“The door of the jeep was open. Mom came out of the house and tried to approach me. She asked the soldiers to let me go and [told them] that I was a minor and hadn’t done anything. I saw a soldier push her and not let her stand there. My cousin, Rami, tried to get closer, and then the soldier kicked him and pushed him away from the jeep. I saw and heard women and men around the jeep who were trying to help me and were talking to the army people. Suddenly I heard the sound of stun grenades and smelled [tear] gas. The soldiers got in fast and the jeep headed toward the settlement. I was scared and I cried the whole time. I said I didn’t do anything. One soldier covered my eyes in the jeep and put metal handcuffs on me. After a few minutes they took me out and put me on a chair next to an army tower.
“A soldier came over to me and pulled the blindfold up and started to ask me if I threw stones, and I said I didn’t. I told him I was helping Dad take things off the roof. The soldier asked me to repeat what I said, because I have a speech problem. After half an hour Dad got there and stood by my side. The soldier was still asking me and kept on asking me. He asked me about my friends and their names and ages. I told him that my friends are in my class. He said he wanted older friends. He also asked me to give him names of people who throw stones and I answered him that I don’t know a single one.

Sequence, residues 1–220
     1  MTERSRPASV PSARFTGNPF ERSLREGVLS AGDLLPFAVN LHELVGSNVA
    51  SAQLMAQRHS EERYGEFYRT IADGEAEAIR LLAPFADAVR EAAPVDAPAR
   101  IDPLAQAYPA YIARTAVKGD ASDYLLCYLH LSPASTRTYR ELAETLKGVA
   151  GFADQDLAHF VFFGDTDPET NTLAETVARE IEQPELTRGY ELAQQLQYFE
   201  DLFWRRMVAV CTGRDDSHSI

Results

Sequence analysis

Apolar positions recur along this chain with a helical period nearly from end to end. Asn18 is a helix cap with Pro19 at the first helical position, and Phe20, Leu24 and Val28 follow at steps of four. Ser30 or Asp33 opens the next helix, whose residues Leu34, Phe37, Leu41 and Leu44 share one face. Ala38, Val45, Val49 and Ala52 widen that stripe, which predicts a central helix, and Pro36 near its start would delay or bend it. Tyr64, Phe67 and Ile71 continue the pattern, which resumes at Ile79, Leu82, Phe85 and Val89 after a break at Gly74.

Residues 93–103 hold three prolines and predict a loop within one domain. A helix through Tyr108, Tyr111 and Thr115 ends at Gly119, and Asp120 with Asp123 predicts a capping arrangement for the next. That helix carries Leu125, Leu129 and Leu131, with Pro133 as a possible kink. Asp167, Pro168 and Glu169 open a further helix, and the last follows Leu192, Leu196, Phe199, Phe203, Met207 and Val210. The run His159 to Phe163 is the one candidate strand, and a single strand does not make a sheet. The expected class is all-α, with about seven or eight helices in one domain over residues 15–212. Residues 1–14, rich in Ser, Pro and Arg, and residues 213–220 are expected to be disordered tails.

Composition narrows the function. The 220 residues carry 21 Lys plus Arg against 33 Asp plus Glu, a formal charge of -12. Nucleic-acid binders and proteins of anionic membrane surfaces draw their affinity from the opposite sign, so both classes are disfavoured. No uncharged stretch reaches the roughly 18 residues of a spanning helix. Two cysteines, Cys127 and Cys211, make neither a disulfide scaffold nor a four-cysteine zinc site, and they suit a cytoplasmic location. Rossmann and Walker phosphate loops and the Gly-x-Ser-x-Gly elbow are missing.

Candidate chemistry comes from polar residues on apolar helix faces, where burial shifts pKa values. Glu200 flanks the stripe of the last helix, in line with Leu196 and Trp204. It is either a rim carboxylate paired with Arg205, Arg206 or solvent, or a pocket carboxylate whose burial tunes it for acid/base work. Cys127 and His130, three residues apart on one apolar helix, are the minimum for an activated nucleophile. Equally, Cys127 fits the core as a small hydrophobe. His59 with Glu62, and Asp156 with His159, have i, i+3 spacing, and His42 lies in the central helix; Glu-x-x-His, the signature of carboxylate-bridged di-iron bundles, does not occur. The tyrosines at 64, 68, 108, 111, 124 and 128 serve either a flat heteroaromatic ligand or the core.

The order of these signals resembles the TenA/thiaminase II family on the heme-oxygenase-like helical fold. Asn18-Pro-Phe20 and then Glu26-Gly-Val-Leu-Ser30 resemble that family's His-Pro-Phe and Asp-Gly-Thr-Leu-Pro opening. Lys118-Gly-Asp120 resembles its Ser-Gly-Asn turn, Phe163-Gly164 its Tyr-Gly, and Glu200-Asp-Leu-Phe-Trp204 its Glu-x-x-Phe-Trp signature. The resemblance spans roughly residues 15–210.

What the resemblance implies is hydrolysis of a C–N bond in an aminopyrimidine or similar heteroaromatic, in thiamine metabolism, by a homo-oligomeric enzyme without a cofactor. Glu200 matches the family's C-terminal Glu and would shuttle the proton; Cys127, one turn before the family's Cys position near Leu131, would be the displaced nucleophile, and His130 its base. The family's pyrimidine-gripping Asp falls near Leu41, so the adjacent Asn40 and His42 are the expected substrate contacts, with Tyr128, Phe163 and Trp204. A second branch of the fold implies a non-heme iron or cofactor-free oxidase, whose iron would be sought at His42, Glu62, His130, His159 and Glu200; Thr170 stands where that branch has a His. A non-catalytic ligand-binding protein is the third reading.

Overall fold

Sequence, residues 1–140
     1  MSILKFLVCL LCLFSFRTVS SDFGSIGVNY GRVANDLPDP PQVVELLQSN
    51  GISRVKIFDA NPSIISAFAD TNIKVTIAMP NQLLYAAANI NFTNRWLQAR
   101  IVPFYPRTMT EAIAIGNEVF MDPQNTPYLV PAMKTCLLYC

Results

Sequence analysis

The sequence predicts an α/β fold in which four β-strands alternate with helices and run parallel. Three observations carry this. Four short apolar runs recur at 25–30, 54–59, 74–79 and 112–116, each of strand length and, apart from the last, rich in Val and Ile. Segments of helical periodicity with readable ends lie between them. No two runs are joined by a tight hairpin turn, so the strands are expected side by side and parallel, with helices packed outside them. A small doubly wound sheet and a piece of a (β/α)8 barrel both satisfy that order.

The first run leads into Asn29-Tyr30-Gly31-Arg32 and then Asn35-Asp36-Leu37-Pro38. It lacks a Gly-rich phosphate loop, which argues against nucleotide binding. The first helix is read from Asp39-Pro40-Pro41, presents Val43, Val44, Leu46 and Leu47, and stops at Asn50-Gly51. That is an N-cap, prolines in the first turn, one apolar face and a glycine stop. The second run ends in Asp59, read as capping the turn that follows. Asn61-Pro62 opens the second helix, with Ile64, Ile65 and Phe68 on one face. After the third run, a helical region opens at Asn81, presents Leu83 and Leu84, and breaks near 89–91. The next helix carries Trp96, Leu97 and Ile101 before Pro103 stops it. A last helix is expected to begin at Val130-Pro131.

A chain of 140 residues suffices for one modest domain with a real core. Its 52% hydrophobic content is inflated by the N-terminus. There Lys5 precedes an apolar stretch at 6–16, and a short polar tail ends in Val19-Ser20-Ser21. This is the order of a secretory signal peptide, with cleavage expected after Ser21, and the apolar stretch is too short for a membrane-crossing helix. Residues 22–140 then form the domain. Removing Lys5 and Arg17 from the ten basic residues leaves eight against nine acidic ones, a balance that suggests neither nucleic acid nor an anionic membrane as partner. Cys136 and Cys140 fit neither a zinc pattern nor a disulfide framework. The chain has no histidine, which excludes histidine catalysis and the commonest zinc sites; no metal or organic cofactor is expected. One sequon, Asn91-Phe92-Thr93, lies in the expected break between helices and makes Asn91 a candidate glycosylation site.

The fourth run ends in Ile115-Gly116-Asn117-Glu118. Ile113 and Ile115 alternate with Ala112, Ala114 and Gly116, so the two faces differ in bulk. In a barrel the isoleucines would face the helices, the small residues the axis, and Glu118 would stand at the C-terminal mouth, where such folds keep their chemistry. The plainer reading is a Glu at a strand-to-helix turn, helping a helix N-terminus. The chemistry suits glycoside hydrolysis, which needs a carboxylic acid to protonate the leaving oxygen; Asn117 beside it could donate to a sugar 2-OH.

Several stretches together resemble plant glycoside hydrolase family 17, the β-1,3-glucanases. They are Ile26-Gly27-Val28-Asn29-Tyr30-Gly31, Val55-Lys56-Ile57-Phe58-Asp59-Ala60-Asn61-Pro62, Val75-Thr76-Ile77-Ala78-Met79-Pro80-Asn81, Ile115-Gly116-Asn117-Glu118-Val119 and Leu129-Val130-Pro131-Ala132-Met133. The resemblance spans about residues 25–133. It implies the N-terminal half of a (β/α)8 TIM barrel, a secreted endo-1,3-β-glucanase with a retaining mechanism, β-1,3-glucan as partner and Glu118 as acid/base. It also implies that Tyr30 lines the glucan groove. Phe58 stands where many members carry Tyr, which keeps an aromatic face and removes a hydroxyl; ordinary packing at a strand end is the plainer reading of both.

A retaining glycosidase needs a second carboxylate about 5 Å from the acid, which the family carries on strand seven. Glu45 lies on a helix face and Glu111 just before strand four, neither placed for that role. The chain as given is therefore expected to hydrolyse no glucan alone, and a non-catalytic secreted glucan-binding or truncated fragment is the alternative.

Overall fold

“After my father got there, the soldier took the handcuffs off my hands, after I told him they were too tight. I saw the soldier asking my father questions about the people who throw stones in the neighborhood. I kept on sitting in the chair the whole time.
“After 9 o’clock, I heard the soldier tell Dad that I was getting released and sent home and that he was waiting for an order on the phone. After a few minutes they let me go. I went home with Dad and with my uncles, who were waiting outside. A little bit after I got there I went to sleep, I was very tired. During the arrest I was very scared and I cried all the time. I only stopped crying when Dad came to the place where I was under arrest.”
The IDF Spokesman’s Office told Haaretz in response that the incident is now under investigation.
According to B’Tselem, at the end of August, a total of 185 Palestinian minors (under age 18) were incarcerated in Israeli prisons, two of them under the age of 14. In the past few years, the number of children and teens imprisoned by Israel has ranged between 180 and 400 at any given time.